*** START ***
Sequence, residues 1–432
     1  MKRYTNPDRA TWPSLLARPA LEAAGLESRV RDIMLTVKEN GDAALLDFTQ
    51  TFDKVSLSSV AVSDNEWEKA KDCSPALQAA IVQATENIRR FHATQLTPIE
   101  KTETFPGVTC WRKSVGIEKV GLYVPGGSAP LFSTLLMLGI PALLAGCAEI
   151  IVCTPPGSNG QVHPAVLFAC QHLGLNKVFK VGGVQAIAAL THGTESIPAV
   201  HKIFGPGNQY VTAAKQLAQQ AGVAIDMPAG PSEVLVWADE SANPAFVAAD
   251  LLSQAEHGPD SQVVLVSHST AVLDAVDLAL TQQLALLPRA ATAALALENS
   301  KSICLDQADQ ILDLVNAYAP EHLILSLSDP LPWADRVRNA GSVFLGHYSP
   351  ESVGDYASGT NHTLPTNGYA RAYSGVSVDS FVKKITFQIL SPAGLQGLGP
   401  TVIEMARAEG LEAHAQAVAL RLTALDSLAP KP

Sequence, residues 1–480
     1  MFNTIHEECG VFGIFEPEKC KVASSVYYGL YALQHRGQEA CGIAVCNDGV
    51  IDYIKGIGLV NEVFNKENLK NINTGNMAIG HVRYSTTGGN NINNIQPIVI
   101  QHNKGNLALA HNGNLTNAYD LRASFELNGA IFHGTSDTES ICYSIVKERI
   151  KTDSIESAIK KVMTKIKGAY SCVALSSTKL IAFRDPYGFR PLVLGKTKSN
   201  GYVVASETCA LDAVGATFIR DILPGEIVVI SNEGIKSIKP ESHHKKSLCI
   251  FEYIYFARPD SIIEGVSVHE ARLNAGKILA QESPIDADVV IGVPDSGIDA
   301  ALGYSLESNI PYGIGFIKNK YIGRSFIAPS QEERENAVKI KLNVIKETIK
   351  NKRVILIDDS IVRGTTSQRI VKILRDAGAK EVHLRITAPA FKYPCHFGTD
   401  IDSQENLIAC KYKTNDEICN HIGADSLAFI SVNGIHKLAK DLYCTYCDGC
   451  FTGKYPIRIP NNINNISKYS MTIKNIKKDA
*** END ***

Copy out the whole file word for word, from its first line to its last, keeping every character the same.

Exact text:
Sequence, residues 1–432
     1  MKRYTNPDRA TWPSLLARPA LEAAGLESRV RDIMLTVKEN GDAALLDFTQ
    51  TFDKVSLSSV AVSDNEWEKA KDCSPALQAA IVQATENIRR FHATQLTPIE
   101  KTETFPGVTC WRKSVGIEKV GLYVPGGSAP LFSTLLMLGI PALLAGCAEI
   151  IVCTPPGSNG QVHPAVLFAC QHLGLNKVFK VGGVQAIAAL THGTESIPAV
   201  HKIFGPGNQY VTAAKQLAQQ AGVAIDMPAG PSEVLVWADE SANPAFVAAD
   251  LLSQAEHGPD SQVVLVSHST AVLDAVDLAL TQQLALLPRA ATAALALENS
   301  KSICLDQADQ ILDLVNAYAP EHLILSLSDP LPWADRVRNA GSVFLGHYSP
   351  ESVGDYASGT NHTLPTNGYA RAYSGVSVDS FVKKITFQIL SPAGLQGLGP
   401  TVIEMARAEG LEAHAQAVAL RLTALDSLAP KP

Sequence, residues 1–480
     1  MFNTIHEECG VFGIFEPEKC KVASSVYYGL YALQHRGQEA CGIAVCNDGV
    51  IDYIKGIGLV NEVFNKENLK NINTGNMAIG HVRYSTTGGN NINNIQPIVI
   101  QHNKGNLALA HNGNLTNAYD LRASFELNGA IFHGTSDTES ICYSIVKERI
   151  KTDSIESAIK KVMTKIKGAY SCVALSSTKL IAFRDPYGFR PLVLGKTKSN
   201  GYVVASETCA LDAVGATFIR DILPGEIVVI SNEGIKSIKP ESHHKKSLCI
   251  FEYIYFARPD SIIEGVSVHE ARLNAGKILA QESPIDADVV IGVPDSGIDA
   301  ALGYSLESNI PYGIGFIKNK YIGRSFIAPS QEERENAVKI KLNVIKETIK
   351  NKRVILIDDS IVRGTTSQRI VKILRDAGAK EVHLRITAPA FKYPCHFGTD
   401  IDSQENLIAC KYKTNDEICN HIGADSLAFI SVNGIHKLAK DLYCTYCDGC
   451  FTGKYPIRIP NNINNISKYS MTIKNIKKDA